in the RSVP Path message, decrement Send_TTL, and adjust the rate
request field if needed. If an RSVP router did not understand the
Quick-Start Request object, it would reject the entire RSVP message
and send an RSVP PathErr message back to the sender. When an RSVP
message with the Quick-Start Request object reaches the receiver, the
receiver sends a Quick-Start Reply message in the corresponding
transport protocol header in the same way as described in the context
of IP options earlier. If the RSVP message with the Quick-Start
Request object was dropped along the path, the transport sender would
simply proceed with the normal congestion control procedures.
Much of the discussion about benefits and drawbacks of using ICMP for
making the Quick-Start Request also applies to the RSVP case. If the
Quick-Start Request was transmitted in a separate packet instead of
as an IP option, the transport protocol packet delivery would not be
delayed due to IP option processing at the routers, and the initial
transport packets would reach their destination more reliably. The
possible disadvantages of using ICMP and RSVP are also expected to be
similar: middleboxes in the network may not be able to forward the
Quick-Start Request messages, and the IP tunnels might cause problems
for processing the Quick-Start Requests.
B.2. Alternate Encoding Functions
In this section, we look at alternate encoding functions for the Rate
Request field in the Quick-Start Request. The main requirements for
this function is that it should have a sufficiently wide range for
the requested rate. There is no need for overly fine-grained
precision in the requested rate. Similarly, while it would be
attractive for the encoding function to be easily computable, it is
also possible for end-nodes and routers to simply store the table
giving the mapping between the value N in the Rate Request field, and
the actual rate request f(N). In this section, we consider possible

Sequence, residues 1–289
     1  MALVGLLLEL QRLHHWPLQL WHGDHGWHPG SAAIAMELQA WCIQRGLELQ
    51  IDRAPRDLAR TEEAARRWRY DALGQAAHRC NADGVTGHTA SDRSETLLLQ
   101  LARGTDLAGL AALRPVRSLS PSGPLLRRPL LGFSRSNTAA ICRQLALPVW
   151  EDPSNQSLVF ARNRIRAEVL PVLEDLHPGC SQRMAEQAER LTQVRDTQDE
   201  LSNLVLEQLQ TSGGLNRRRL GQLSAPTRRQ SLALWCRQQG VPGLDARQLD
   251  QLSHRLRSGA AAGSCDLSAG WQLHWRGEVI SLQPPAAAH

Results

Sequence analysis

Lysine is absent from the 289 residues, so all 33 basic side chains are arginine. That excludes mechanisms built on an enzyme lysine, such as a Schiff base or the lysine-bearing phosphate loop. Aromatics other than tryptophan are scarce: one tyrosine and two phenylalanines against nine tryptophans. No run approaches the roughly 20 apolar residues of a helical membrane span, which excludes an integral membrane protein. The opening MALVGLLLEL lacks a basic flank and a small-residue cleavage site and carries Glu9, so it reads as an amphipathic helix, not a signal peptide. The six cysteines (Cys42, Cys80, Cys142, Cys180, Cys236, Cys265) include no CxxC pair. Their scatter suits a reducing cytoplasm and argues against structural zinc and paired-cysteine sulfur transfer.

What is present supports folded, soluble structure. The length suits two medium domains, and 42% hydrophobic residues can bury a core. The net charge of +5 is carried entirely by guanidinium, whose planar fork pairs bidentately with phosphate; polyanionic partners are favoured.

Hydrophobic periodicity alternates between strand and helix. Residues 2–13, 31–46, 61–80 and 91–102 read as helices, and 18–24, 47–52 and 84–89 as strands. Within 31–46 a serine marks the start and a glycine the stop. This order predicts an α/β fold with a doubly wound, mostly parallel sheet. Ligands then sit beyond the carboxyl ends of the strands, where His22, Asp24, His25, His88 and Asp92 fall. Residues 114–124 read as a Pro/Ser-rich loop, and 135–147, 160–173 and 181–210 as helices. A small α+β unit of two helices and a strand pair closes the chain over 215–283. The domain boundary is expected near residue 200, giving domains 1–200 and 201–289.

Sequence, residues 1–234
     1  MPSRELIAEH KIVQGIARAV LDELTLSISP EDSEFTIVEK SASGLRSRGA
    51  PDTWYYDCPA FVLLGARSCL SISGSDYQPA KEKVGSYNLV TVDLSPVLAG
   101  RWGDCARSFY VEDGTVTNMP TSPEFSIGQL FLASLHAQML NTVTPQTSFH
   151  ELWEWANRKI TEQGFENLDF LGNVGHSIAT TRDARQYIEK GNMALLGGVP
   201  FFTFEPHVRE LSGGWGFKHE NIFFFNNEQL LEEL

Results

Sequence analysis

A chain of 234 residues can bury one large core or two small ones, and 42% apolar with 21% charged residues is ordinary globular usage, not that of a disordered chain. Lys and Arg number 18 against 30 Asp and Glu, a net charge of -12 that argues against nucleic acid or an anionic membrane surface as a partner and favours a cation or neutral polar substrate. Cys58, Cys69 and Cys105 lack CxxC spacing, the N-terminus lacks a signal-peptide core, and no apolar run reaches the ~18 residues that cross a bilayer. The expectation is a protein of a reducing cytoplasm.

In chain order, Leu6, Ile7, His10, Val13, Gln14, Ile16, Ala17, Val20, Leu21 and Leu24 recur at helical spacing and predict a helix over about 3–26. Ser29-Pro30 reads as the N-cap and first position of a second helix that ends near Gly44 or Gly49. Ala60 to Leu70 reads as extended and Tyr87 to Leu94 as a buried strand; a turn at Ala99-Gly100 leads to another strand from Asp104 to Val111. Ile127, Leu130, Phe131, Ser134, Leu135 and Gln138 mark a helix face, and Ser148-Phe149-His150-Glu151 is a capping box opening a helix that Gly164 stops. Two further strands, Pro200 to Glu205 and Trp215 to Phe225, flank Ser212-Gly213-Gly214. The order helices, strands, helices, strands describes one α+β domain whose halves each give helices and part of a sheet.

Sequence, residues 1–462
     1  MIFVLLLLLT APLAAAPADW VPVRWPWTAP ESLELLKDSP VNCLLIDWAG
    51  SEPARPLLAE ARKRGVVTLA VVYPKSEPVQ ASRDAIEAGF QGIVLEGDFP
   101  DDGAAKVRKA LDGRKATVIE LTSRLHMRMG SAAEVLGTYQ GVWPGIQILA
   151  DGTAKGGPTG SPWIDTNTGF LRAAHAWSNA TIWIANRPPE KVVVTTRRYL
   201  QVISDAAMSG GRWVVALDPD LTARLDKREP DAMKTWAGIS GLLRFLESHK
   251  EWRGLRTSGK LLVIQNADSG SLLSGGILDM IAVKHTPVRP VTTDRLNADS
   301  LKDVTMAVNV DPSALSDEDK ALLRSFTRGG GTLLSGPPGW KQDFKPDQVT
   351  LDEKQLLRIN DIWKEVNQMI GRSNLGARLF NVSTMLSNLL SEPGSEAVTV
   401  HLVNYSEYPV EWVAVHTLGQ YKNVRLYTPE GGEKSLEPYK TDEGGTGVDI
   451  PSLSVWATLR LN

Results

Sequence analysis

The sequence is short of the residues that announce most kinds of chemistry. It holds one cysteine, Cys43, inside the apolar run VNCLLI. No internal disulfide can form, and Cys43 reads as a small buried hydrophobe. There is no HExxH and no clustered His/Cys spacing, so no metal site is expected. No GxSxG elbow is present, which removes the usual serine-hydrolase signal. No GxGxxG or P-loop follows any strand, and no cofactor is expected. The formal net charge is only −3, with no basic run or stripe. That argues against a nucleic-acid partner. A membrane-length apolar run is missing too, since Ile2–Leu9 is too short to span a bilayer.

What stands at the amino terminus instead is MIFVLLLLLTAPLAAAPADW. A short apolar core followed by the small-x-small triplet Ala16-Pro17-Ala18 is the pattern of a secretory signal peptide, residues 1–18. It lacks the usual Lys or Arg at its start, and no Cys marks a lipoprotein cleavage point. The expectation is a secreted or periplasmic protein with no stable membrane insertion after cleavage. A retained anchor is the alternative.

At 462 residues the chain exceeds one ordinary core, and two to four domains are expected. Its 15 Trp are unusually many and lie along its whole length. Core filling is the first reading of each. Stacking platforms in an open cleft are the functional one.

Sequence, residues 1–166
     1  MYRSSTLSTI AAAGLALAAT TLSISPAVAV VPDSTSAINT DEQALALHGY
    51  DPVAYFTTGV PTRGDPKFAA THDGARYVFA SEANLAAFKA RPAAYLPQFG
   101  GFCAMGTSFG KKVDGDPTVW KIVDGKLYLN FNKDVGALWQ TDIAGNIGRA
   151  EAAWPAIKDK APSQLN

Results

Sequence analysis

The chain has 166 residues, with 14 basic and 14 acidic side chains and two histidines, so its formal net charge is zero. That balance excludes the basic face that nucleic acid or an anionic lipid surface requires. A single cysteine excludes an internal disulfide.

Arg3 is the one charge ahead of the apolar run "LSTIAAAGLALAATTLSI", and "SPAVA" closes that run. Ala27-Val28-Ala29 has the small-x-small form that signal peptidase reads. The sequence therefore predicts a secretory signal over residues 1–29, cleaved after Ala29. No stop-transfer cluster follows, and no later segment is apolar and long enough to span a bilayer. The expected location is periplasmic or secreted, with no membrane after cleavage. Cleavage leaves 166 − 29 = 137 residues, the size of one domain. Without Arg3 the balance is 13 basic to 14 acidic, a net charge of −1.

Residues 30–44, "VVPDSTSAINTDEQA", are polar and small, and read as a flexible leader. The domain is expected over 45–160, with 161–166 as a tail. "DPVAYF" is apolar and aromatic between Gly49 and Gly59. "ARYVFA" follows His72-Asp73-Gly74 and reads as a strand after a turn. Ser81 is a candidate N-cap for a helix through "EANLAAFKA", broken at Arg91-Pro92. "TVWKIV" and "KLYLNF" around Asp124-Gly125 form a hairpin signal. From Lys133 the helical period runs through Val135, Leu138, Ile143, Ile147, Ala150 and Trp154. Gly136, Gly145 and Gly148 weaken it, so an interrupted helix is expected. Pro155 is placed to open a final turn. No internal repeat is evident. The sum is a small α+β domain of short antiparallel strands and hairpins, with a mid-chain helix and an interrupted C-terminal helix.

encoding methods for Rate Request fields of different sizes,
including four-bit, eight-bit, and larger Rate Request fields.
One possible proposal would be for the Rate Request field to be
formatted in bits per second, scaled so that one unit equals M Kbps,
for some fixed value of M. Thus, for the value N in the Rate Request
field, the requested rate would be M*N Kbps.
Powers of two:
If a granularity of factors of two is sufficient for the Rate
Request, then the encoding function with the most range would be for
the requested rate to be K*2^N; for N, the value in the Rate Request
field; and for K, some constant. For N=0, the rate request would be
set to zero, regardless of the encoding function. For example, for
K=40,000 and an eight-bit Rate Request field, the request range would
be from 80 Kbps to 40*2^255 Kbps. This clearly would be an
unnecessarily large request range.
For a four-bit Rate Request field, the upper limit on the rate
request is 1.3 Gbps. It seems to us that an upper limit of 1.3 Gbps
would be fine for the Quick-Start rate request, and that connections
wishing to start up with a higher initial sending rate should be
encouraged to use other mechanisms, such as the explicit reservation
of bandwidth. If an upper limit of 1.3 Gbps was not acceptable, then
five or six bits could be used for the Rate Request field.
The lower limit of 80 Kbps could be useful for flows with round-trip
times of a second or more. For a flow with a round-trip time of one
second, as is typical in some wireless networks, the TCP initial
window of 4380 bytes allowed by [RFC3390] (given appropriate packet
sizes) would translate to an initial sending rate of 35 Kbps. Thus,
for TCP flows, a rate request of 80 Kbps could be useful for some
flows with large round-trip times.
The lower limit of 80 Kbps could also be useful for some non-TCP
flows that send small packets, with at most one small packet every 10
ms. A rate request of 80 Kbps would translate to a rate of a hundred
100-byte packets per second (including packet headers). While some
small-packet flows with large round-trip times might find a smaller
rate request of 40 Kbps to be useful, our assumption is that a lower
limit of 80 Kbps on the rate request will be generally sufficient.
Again, if the lower limit of 80 kbps was not acceptable, then extra
bits could be used for the Rate Request field.
If the granularity of factors of two was too coarse, then the
encoding function could use a base less than two. An alternate form
for the encoding function would be to use a hybrid of linear and
A mantissa and exponent representation:
Section 4.4 of [B05] suggests a mantissa and exponent representation
for the Quick-Start encoding function. With e and f as the binary
numbers in the exponent and mantissa fields, and with 0 <= f < 1,
this would represent the rate (1+f)*2^e. [B05] suggests a mantissa
field for f of 8, 16, or 24 bits, with an exponent field for e of 8
bits. This representation would allow larger rate requests, with an
encoding that is less coarse than the powers-of-two encoding used in
Constraints of the transport protocol:
We note that the Rate Request is also constrained by the abilities of